Vietnam has become increasingly appealing to large foreign investor groups in the textile and garment industry who want to seize opportunities before the Comprehensive and Progressive Agreement for Trans-Pacific Partnership (CPTPP) takes effect in January next year, according to analysts.
German-based Amann Group, one of the world’s top three leading producers of high-quality sewing and embroidery threads, is expanding its network to Vietnam with a new factory being constructed on a 45,000sq.m ground at Tam Thang Industrial Park in the central province of Quang Nam.
The new facility will be added to Amann’s existing network of factories in various countries across Asia, including Bangladesh, China, India, and Indonesia.
At the new production site, the group will produce around 2,300 tonnes of sewing threads per year, mainly for the manufacture of apparel and shoes.
The first phase of the project is scheduled to commence in late July of next year.
Kraig Biocraft Laboratories Inc., the US’ leading developer of spider silk-based yarn, is working with agricultural cooperatives in Quang Nam to expand mulberry production and develop high-performance silk in Vietnam.
The firm plans to set up a centre for research and development (R&D) of silk, as well as grow about 2,500ha of mulberry to support spider silk in the country.
According to Kraig Biocraft Laboratories, Vietnam is being chosen to scale up its spider silk commercialisation efforts in one of the firm’s strategic moves to further growth.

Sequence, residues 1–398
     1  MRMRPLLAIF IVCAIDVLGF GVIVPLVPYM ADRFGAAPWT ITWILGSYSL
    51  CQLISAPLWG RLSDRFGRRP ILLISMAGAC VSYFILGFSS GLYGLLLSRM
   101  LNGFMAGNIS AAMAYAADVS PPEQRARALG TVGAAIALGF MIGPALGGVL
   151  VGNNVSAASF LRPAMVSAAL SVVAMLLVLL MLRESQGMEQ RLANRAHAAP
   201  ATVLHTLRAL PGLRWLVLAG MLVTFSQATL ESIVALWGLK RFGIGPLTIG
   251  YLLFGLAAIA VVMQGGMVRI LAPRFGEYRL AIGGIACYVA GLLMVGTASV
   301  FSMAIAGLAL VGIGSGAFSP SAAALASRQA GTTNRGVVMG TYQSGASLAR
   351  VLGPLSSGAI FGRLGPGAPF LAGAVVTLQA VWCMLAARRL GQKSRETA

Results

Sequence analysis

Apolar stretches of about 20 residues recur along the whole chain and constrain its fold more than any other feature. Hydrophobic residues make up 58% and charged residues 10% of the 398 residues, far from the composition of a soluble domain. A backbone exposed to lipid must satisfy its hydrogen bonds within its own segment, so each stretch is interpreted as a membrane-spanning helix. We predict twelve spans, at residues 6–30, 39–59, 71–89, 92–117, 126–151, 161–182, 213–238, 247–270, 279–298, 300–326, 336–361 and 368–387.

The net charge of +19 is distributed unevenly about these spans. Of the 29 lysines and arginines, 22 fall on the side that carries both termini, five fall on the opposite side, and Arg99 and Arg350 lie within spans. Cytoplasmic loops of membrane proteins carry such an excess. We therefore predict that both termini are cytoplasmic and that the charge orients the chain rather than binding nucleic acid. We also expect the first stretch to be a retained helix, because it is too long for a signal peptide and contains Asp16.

The domino effect created by FDI expansion in the textile and garment sector has also led to an increase in the number of foreign suppliers of machinery and equipment for the industry.
In June, ILLIES Vietnam – a member of the German C. ILLIES & Co. and also a leading distributor of industrial textiles machinery and equipment – announced it has expanded its portfolio in the spinning sector. It now provides machines and spare parts for short-staple yarn-spinning systems for the Rieter Group and the local textile market.
In the first quarter of 2019, the company will open a repair centre for mechanical and electrical parts of Rieter machines.
So far this year, the Vietnam Textile and Apparel Association (VITAS) has welcomed many foreign textile and garment producers visiting Vietnam to explore investment opportunities, said VITAS Vice President Truong Van Cam. More FDI projects will arrive in the country’s textiles sector in the coming years, Cam added.
Once new-generation free trade agreements (FTA), like the CPTPP and the EU-Vietnam FTA, enter into force, investment in the textile and garment industry will increase, offering a great opportunity for machinery suppliers like Rieter, said a representative of ILLIES Vietnam.
Statistics by the VITAS showed that a total of nearly US$15.9 billion in FDI had been injected into more than 2,090 textile and garment projects in Vietnam by the end of last year. In the first half of 2018, the industry attracted another US$2.8 billion in FDI.
The country is now among the leading exporters of textile and garments in Asia. Vietnam’s total textile and garment exports have experienced a 3.6-fold increase over the past decade, from US$7.78 billion in 2007 to US$31 billion in 2017. Last year’s figure represented 16% of the nation’s total export revenue.
This year, the sector expects to earn US$35 billion from exports.